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Inclusivity: a consciousness muscle we must continue to flex

July 7, 2020
By Ioni Doherty

Emerging from shutdown, the Embrace Difference Council connected virtually in late May to consider its inclusivity plans and calendar of events for the remainder of the year.

The Embrace Difference Council Toolkits and Scorecards are about to be rolled out, with expectations that the toolkit will prove especially relevant as businesses review key learnings from COVID-19.

The Create Difference workstream is looking to bring some Embrace Difference events to life in the back half of the year, with both virtual and face-to-face options as venues start to open. State Chapter events will be hosted online as national webinar forums. (Details to come.)

During the meeting it was generally agreed that since March, strategic planning for diversity and inclusion in workplaces has taken a bit of a back seat.

But the leader of the See Difference workstream, Madelyn Ring, challenged the notion: “This pandemic has meant that we have never been more inclusive.”

Nicole Stanners, leader of the Leverage Difference workstream, agreed saying that workforces have had to adopt a more inclusive style of leadership during the crisis.

“Operating in virtual crisis mode has necessitated working on creative solutions, pivoting to utilise a wider breadth of opinions and implementing two-way channels of transparent communication,” she observed.

“This experience is living proof that inclusive leadership is integral to doing business well, not just an adjunct abstract proposition. I hope it is a consciousness muscle that we continue to use when we all return to the office.”

The pandemic has been a great leveller and there will be many learnings to come from this time. Sixteen weeks in and HRDs have gone from authoring policies on pandemics to re-writing policies on remote working, along with considering how they can better equip their people to work from home.

Businesses of varying sizes have split their teams and staggered office returns have begun. For many, it is unlikely that the full team will be back on deck this side of Christmas.

It is a new phase and a new COVID related challenge for business leaders: Given the splitting of teams, how is it possible to ensure that the sense of belonging remains?

When you have one team dialling in remotely, and one team in the office, how will leaders facilitate and strike the balance, so employees remain equal, all feel invested and valued, and all feel heard in the decision-making process? Where are the decisions being made? In the boardroom or on Zoom?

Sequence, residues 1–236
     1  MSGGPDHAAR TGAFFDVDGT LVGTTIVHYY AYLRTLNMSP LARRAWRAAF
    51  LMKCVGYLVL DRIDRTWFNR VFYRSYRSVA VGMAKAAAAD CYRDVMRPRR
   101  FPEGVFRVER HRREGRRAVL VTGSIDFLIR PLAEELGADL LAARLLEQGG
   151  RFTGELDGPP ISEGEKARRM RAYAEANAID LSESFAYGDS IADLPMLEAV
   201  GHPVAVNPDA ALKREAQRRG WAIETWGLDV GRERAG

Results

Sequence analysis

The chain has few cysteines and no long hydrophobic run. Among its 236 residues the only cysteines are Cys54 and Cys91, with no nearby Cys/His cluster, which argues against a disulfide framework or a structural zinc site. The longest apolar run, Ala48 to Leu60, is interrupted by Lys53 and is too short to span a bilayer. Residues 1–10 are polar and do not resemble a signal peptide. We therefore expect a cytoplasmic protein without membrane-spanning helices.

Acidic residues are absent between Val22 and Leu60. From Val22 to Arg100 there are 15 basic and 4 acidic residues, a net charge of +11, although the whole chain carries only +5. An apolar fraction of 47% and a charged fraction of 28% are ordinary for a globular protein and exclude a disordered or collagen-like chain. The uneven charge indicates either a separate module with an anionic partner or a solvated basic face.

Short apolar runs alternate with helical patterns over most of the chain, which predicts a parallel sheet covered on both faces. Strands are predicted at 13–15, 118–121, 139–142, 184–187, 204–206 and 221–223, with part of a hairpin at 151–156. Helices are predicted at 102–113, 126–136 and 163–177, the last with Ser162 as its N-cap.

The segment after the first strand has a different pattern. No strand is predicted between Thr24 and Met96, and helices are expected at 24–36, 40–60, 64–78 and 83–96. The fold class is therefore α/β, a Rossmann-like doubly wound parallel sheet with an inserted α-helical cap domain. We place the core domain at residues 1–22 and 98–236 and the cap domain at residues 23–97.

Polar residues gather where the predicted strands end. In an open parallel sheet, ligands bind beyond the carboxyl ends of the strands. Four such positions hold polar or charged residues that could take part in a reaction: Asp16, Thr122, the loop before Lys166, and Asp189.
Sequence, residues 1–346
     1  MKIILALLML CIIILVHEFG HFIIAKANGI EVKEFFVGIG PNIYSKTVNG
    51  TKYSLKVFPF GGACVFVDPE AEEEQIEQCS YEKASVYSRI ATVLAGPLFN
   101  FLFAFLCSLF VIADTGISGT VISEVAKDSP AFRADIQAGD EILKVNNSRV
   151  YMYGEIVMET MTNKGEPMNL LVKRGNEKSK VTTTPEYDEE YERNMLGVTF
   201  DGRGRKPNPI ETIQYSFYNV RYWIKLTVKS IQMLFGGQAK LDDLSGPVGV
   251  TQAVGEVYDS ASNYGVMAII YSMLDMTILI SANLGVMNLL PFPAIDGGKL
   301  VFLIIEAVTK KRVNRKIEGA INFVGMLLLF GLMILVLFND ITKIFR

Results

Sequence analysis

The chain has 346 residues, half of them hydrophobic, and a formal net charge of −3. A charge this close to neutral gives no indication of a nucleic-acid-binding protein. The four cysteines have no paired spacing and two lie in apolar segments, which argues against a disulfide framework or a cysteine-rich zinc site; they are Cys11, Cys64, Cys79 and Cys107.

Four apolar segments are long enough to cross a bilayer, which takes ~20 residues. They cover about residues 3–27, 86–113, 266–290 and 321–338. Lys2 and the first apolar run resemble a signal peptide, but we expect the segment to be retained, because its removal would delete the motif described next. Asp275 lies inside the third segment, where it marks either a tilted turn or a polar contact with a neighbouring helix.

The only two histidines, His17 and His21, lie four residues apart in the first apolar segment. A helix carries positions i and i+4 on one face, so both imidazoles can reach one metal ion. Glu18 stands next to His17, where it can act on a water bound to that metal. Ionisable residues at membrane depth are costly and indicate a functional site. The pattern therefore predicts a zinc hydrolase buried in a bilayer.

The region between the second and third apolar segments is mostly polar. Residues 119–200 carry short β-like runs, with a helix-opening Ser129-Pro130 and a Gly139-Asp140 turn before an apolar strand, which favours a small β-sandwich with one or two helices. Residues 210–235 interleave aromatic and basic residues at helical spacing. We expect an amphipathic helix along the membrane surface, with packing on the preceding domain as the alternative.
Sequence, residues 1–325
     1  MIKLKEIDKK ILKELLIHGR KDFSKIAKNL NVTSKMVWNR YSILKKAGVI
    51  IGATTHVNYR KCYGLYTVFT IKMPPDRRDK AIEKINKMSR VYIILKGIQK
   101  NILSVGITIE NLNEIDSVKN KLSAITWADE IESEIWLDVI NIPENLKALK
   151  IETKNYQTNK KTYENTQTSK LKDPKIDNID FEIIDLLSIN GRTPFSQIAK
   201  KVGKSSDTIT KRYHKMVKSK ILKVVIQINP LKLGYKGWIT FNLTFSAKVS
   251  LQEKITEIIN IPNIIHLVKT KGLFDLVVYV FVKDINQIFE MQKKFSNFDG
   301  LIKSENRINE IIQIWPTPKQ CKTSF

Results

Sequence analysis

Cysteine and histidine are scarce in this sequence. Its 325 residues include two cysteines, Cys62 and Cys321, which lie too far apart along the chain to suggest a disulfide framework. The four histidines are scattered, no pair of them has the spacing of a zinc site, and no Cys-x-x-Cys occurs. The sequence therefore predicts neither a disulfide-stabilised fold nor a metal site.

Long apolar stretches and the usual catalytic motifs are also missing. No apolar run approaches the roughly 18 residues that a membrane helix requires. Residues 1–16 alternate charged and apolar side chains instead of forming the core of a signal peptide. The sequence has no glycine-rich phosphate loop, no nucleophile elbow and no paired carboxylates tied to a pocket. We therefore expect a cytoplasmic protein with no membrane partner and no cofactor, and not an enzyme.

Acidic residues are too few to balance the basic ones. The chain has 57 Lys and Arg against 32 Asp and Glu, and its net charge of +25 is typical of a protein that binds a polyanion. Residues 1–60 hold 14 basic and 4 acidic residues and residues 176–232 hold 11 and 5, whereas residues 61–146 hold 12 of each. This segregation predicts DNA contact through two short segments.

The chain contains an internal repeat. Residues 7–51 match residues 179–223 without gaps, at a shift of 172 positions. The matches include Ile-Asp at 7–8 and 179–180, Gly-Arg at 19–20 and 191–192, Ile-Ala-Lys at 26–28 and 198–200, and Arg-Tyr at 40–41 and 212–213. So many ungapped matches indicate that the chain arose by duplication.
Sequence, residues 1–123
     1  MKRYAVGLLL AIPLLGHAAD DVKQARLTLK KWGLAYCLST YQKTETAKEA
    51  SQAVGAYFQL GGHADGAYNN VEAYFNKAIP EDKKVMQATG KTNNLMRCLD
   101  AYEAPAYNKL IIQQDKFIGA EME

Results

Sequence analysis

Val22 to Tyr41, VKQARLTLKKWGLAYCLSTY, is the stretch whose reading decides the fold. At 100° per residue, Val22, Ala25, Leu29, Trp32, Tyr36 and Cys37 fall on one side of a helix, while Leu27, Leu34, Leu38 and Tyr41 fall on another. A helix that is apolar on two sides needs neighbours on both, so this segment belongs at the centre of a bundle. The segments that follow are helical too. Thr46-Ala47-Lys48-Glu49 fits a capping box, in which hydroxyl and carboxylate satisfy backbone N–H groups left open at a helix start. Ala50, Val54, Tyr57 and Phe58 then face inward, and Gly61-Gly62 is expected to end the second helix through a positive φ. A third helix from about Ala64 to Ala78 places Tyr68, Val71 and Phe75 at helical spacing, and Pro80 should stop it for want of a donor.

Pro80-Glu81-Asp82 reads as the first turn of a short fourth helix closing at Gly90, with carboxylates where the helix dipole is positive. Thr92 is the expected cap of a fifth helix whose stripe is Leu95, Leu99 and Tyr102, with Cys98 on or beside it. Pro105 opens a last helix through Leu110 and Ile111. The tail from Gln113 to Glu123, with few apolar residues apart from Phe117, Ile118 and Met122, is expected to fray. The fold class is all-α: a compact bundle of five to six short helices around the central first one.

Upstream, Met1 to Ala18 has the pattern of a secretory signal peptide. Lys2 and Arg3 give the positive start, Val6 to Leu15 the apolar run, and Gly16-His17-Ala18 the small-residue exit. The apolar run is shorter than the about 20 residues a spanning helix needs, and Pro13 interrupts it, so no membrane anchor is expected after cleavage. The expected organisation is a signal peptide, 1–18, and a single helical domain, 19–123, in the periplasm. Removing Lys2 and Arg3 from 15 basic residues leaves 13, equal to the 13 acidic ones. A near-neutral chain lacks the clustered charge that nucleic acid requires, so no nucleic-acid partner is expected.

Thoughtful planning around this currently consumes a significant part of many leaders’ days.

“Working virtually has taught us some brilliant behaviours,” says Simon Durrant, Chair of the Embrace Difference Council and Managing Director, Campari. “Our meeting etiquette has improved greatly, and this is one of the many behaviours that absolutely should be taken with us on the way back to the office.”

Central to these behaviours is a mindfulness, a discipline and a diligence around how we conduct ourselves during meetings.

Simon suggests that meetings proceed only after detailed preparation, with an emphasis on pre-work being completed and a detailed outline of objectives being communicated. He believes this is essential to keep the meetings as brief, productive and as engaging as possible.

“During the meeting itself, the onus for creating inclusivity must sit with the person running the meeting. Facilitators need to be attentive if they are to manage the entire audience well,” he says.

“Make sure cameras are on for the most part, ask more questions of everyone, maintain eye contact and engagement, and check in with everyone in attendance.”

Facilitators also need to be mindful of keeping the conversation relevant to teams in the office as well as those working remotely. Exchanges between those physically present in the office should not be at the exclusion of those attending virtually. (It should be acknowledged that this sense of exclusion has long been a frustration experienced by satellite offices dialling into meetings with head offices and hopefully our comfort level with Zoom and Teams will see an end to that.)

“It is important that we maintain face to face visible connections,” Simon said. “When meetings have split attendance with people in office meeting rooms and people working remotely on Teams or Zoom, those in the office must have their computers on and faces visible. We have all gotten used to seeing people and feeling comfortable being seen on screen.

“Going back to blurry outlines of people’s faces breaks the connection and creates unnecessary barriers.”

Campari will not have a fully functional team in their Sydney head office at any one time and for any major meetings, cross-functional teams will be physically brought in all at once, if possible and only when necessary.

Entire teams will not be physically reuniting to toast each other anytime soon – pretty tough for an industry with celebration at its heart – and video conferencing is here to stay. Best we all learn to love Zoom and learn to do it well.

One thing we can hope will endure in workplace culture from this time is something far more significant: a sense of belonging and of inclusivity, right across the board.